Demand of the question
Introduction. Contextual Introduction.
Body. Mention about women in Bhakti movement. Contribution of women poets in Bhakti movement.
Conclusion. Way forward.

The Bhakti movement refers to the theistic devotional trend that emerged in medieval Hinduism and later revolutionised in Sikhism. It originated in the Tamil south India (now parts of Tamil Nadu and Kerala), and spread northwards.

Women in Bhakti movement:

1. The contribution of women writers in different languages during that period deserves special attention. Women writers like Ghosha, Lopamudra, Gargi, Maitreyi, Apala, Romasha Brahmavadini, etc. right from the days of the Vedas, focused on the image of women in mainstream Sanskrit literature.

2. The songs of Buddhist nuns like Muttaand Ubbiriand Mettika in Pali express the torment of feelings for the life left behind.

3. The Alwar women poets, like Andal and others, gave expression to their love for the divine.

4. Lal Ded, the Muslim poetess from Kashmir Lalded & Habba Khatun, represented the sant tradition of bhakti and wrote Vakhs (maxims), which are peerless gems of spiritual experience.

5. Meera Bai, in Gujarati, Rajasthani and Hindi (she wrote in three languages), Avvayyar, in Tamil, and Akkamahadevi in Kannada, are well known for their sheer lyrical intensity and concentrated emotional appeal.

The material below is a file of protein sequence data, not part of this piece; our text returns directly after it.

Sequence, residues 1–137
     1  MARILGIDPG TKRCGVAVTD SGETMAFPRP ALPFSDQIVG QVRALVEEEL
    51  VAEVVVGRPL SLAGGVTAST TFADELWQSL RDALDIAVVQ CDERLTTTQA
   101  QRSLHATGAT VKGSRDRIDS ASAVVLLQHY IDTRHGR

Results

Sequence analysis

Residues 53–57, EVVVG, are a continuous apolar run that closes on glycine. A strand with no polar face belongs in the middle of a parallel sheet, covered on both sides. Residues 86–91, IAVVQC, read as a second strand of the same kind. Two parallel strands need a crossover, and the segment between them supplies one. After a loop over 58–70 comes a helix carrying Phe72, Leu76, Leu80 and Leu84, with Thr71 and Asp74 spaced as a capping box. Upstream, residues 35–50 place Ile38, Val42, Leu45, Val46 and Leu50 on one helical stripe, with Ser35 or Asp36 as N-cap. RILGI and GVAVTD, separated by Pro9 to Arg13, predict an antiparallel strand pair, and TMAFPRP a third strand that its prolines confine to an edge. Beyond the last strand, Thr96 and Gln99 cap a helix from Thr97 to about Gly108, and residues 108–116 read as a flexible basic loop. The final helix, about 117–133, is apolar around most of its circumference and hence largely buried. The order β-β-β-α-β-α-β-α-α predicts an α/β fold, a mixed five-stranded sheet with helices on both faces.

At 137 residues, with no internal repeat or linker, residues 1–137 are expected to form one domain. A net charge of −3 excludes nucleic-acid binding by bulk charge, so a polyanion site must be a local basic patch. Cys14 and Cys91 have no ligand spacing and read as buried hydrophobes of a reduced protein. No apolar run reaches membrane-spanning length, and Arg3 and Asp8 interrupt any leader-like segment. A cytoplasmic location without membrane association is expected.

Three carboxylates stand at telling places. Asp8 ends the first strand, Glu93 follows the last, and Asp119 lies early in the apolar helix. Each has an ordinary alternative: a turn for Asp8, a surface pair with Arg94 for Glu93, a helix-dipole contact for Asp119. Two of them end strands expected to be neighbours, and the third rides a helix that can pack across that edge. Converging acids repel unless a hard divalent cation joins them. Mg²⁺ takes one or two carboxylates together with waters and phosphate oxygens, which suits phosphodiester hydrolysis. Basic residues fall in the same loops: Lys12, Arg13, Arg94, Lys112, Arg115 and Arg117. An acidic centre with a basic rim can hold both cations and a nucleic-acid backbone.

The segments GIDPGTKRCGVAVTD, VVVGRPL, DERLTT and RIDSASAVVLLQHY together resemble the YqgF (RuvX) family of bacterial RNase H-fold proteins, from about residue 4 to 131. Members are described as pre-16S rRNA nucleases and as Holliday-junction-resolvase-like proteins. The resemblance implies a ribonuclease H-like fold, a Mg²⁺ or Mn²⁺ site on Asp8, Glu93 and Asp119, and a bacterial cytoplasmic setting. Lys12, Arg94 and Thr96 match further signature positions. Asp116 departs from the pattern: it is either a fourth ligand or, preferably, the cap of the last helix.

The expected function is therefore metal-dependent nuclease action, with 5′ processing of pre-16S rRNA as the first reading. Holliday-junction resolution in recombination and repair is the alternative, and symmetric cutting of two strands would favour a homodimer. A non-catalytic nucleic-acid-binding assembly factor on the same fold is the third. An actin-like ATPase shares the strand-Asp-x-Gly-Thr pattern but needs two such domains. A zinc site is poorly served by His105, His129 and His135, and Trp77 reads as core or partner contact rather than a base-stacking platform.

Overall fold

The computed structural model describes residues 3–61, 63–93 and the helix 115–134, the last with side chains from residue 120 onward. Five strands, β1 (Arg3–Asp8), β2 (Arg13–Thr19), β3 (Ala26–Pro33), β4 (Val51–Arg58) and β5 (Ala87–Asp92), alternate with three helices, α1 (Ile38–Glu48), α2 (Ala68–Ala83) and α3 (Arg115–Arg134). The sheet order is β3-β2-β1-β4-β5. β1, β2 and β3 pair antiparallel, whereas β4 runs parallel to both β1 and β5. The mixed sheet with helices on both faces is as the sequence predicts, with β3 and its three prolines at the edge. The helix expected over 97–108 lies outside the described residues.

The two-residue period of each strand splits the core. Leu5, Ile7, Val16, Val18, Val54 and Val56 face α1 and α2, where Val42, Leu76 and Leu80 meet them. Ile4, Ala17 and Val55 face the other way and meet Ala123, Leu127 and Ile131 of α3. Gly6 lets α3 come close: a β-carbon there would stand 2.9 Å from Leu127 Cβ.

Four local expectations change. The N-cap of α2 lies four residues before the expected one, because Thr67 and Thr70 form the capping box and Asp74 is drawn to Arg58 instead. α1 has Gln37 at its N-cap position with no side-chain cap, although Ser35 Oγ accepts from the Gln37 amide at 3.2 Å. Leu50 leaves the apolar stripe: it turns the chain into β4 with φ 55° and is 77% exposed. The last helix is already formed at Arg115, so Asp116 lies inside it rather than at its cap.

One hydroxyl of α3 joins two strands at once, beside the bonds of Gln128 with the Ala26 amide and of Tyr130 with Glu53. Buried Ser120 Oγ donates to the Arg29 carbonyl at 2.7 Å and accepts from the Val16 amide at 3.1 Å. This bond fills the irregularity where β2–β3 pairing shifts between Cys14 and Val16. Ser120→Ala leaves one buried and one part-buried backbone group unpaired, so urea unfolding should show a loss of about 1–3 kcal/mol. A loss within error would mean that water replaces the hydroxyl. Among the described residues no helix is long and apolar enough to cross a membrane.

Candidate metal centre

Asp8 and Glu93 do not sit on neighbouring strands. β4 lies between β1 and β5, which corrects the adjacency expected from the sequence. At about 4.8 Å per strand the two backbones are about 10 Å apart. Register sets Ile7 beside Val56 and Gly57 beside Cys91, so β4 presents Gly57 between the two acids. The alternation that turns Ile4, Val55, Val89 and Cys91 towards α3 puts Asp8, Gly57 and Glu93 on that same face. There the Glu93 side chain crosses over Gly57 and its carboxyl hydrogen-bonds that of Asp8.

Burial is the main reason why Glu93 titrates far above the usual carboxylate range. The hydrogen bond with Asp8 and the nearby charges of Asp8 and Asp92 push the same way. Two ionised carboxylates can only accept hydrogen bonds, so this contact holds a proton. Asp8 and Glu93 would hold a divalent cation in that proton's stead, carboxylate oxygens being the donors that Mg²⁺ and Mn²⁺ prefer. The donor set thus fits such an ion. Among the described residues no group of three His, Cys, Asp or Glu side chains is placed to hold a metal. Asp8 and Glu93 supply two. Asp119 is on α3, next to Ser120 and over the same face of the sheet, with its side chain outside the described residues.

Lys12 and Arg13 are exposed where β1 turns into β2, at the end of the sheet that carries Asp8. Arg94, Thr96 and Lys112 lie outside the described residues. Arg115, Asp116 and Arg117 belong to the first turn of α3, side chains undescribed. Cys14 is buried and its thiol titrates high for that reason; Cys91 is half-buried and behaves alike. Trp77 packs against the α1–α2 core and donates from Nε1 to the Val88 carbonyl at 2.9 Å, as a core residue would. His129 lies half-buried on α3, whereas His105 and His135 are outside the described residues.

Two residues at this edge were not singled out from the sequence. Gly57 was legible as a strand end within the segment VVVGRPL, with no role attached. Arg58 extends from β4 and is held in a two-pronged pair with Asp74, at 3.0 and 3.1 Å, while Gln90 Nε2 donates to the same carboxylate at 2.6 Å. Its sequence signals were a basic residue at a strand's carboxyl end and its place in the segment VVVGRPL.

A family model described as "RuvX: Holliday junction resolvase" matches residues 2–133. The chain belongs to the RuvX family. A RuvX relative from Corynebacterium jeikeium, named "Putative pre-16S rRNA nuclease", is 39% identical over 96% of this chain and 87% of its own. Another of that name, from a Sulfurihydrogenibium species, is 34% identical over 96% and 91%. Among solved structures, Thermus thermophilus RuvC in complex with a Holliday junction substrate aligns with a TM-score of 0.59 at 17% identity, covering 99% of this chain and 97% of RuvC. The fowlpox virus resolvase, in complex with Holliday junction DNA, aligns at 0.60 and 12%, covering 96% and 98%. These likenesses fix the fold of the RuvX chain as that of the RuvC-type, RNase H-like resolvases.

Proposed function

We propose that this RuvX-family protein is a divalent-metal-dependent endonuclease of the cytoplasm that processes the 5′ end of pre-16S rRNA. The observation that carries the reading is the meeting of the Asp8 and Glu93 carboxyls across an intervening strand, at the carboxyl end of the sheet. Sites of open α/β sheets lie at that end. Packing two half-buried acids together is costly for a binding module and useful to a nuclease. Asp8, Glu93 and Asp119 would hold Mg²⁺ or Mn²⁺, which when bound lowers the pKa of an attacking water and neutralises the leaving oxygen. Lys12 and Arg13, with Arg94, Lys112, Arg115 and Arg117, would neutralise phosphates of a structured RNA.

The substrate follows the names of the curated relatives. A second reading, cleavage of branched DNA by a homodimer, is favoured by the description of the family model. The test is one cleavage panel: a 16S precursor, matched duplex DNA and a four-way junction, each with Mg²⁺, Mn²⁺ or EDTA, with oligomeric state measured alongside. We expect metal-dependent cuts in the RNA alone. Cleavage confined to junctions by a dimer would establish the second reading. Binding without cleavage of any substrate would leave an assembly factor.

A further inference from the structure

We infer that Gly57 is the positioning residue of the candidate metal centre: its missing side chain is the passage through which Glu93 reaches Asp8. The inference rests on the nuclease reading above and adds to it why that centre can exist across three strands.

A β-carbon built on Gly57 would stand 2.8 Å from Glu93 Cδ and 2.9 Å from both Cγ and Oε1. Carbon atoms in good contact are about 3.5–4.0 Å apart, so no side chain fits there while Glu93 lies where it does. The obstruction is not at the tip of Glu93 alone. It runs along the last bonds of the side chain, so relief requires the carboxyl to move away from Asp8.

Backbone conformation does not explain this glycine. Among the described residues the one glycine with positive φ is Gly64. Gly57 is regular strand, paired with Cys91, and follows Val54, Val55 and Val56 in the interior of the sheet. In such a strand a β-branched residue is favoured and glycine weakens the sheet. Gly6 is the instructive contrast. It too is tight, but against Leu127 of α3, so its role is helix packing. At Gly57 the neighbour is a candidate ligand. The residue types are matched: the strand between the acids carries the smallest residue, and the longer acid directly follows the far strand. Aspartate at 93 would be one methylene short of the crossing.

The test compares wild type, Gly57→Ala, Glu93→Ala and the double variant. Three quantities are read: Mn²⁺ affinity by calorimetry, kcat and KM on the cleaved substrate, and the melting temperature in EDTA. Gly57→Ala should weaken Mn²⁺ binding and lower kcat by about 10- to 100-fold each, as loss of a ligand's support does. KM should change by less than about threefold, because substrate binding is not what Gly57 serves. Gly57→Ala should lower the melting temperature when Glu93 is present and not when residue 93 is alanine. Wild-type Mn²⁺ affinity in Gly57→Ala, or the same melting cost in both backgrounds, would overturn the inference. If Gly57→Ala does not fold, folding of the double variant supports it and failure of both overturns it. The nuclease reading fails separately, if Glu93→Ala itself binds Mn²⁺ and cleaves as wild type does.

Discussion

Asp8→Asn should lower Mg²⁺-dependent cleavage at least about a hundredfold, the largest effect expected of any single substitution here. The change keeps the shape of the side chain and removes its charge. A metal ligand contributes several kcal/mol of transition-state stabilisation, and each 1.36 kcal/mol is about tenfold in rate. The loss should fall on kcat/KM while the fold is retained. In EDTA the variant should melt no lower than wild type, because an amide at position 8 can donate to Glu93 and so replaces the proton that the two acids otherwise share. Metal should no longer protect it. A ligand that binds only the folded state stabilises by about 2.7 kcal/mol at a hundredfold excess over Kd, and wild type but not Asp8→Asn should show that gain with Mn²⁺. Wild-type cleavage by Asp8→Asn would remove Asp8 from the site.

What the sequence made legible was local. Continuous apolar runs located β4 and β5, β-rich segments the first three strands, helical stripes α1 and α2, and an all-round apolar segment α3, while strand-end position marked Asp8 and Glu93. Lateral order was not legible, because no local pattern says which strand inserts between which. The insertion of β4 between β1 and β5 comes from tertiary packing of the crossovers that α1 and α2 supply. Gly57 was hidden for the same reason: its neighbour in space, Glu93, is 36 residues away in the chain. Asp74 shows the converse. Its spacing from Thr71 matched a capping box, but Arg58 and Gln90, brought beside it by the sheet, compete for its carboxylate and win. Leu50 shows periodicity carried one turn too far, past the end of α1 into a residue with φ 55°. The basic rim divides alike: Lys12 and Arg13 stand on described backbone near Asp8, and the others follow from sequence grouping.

Contribution of women:

1. Their writings speak to us about the social conditions prevailing at that time, and the position of woman at home and in society. Behind their mysticism and metaphysics is a divine sadness.

2. If we examine the role of the women in the bhakti movement we can see that women exploited the religious emotion to deal with patriarchy and created an alternate space for themselves.

3. They challenged patriarchy and the mortal man to whom they were tied in a relationship of marriage by extending the definition of love to God and understanding his relation with them in terms of a lover, a wife, a mistress, a friend and a servant.

4. It is the large scale participation of women that gave the movement the character of a mass movement. Religion was the only space which was open to women in medieval times.

Through this legitimate space women could define their actions and aspirations and participate in public gatherings, visit pilgrimage places, compose their own songs and through bhakti directly reach God. In this way they sowed the seed that women could be agents of their own religious emancipation.